RWS Diana 45: Part 5
by Tom Gaylord
Writing as B.B. Pelletier
Diana 45 is a large breakbarrel spring rifle.
This report covers:
• Remove the barrel
• Barrel off!
• Remove the piston
• Disassembly is complete
• One last look
We have a lot to cover today, so let’s get right to it. We left the Diana 45 with the mainspring out of the gun at the end of yesterday’s report. The only thing left in the disassembly is to remove the piston. Do not disassemble a gun if you’re not 100% certain you can put it back together again in safe working condition!
Remove the barrel
The piston will not come out of the gun until the cocking link that connects it to the underside of the barrel (for cocking) is removed. To do that, you must first separate the barrel from the spring tube. That step is easy on some breakbarrels, but not so easy with this 45. On most breakbarrels, you remove the pivot bolt from the action forks and the barrel separates from the spring tube. The Diana 45 has another step; and unless you follow it, the barrel will never come off the gun.
I unscrewed the pivot bolt with a Phillips screwdriver. The nut on the other side stayed in place and allowed the bolt to back out. With the bolt out, I could see the star lock washers that are on either side of the pivot bolt hole.
The pivot bolt and nut are out, and you can see the star lockwasher still in the hole. With this bolt removed, the barrels on most guns will come out of the action forks (at the end of the spring tube), but not the Diana 45 barrel. There’s still one more thing to do.
The barrel still won’t separate from the action fork. Something is holding it in place. When you remove the star washer, you see a bushing that acts as a bearing for the pivot joint. The pivot bolt passes through this bushing, and it’s the bushing that takes the full load when the gun is cocked. This bushing drives out of the baseblock with little resistance.
Under the star washer, we find the barrel pivot bushing. This also has to come out before the barrel comes out of the action fork.
After I drove the bushing out of the baseblock, all the parts that hold the barrel in the spring tube action forks are out of the gun. It’s quite a list. They include the pivot bolt, the pivot bolt nut, two star washers and the pivot bushing that acts as a bearing when the rifle is cocked.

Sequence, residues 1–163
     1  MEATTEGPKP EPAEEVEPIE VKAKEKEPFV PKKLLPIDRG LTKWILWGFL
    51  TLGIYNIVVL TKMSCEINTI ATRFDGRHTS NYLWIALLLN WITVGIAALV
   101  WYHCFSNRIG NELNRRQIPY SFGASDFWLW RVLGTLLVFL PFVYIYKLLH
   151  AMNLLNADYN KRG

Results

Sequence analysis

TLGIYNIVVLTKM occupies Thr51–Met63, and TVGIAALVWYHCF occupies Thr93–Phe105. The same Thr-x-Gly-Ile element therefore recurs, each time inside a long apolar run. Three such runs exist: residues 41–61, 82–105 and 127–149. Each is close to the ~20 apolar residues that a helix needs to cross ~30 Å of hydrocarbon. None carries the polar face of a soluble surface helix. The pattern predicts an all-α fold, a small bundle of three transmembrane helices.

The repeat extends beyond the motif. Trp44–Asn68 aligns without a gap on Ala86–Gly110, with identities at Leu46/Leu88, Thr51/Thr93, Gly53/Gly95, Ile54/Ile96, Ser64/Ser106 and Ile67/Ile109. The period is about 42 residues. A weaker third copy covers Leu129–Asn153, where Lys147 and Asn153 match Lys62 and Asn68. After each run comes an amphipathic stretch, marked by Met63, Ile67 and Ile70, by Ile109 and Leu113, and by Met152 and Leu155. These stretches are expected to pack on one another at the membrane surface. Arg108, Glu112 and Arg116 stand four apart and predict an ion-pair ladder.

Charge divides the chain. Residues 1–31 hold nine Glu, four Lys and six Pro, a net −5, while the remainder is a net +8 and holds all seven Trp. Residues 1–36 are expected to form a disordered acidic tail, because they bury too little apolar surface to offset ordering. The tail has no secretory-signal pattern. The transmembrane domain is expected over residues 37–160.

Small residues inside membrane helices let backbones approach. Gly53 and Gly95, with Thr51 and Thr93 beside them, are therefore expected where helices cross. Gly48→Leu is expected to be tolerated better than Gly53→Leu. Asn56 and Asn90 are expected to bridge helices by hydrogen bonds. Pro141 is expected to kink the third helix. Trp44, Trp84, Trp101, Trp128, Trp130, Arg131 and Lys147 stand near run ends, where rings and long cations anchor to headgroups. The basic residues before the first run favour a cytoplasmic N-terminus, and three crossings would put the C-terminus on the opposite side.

All the parts that hold the barrel to the action. The pivot bushing that acts as a bearing is the part that was unexpected.
The pivot bushing drives out easily, yet it fits the pivot joint hole very tight. This will be a part that gets moly grease when the rifle is assembled. The pivot bolt by itself doesn’t really bear much of the force when the rifle is cocked, but I’ll put moly grease on it, as well, just for good measure.
With the bushing out, the barrel slips out of the action forks. At this point, the cocking link will probably disconnect from the piston by itself, but I’ll come back to that in a moment. For now, let’s examine the sides of the baseblock, which is the flat block that holds the barrel.
Each side of the baseblock has its own unique pivot washer. These are asymmetric metal washers that fit into specially machined cutouts in the baseblock. If this is the first time you’ve seen a breakbarrel rifle taken apart, these may not seem strange; but most guns don’t have them. Most guns have either a plain flat washer on either side of the baseblock or nothing at all. Some guns have synthetic flat washers that wear very quickly when handled but will last long enough if the gun never comes apart.
Diana used these asymmetric washers for many years. They have the advantage of not “walking” out of place when the rifle is cocked. Weihrauch uses flat washers that do tend to walk, though they count on the pivot bolt that passes through their centers to stop them. But Weihrauch washers sometimes get chewed up in their center hole from the contact they make with the pivot bolt. Diana washers cannot move this way, so they don’t get damaged.
These washers are wonderful parts that perform a very specialized job, but the question arises: Are they worth the expense? First, the special washers have to be made (each side is different), then the baseblock must be machined on both sides to fit them. And, if you need to buy a washer at some point, only the same side of the washer will fit, because the other side is shaped differently. So, you have specialized parts that do their jobs very well — instead of plain parts that work okay most of the time. Is the extra machining and cost of stocking different parts worth the benefit?
You know the answer. As we move into the future, specialized parts that are not crucial to the operation of anything will be eliminated. An old Russian saying regarding design goes, “Perfection is the enemy of good enough.” And it does make sense. If plain washers will work, why suffer the expense of specialized parts that require extra machining time and parts handling?
The left pivot washer fits into a specially machined place in the baseblock.
The right pivot washer is shaped differently than the left one, and its hole is specially machined to fit.
I mentioned the pivot washers because I’ll lubricate them with moly when I put the rifle together again. Be sure you don’t misplace them — because, as you can see, each one is different. Putting them back isn’t difficult because they only fit one side of the baseblock.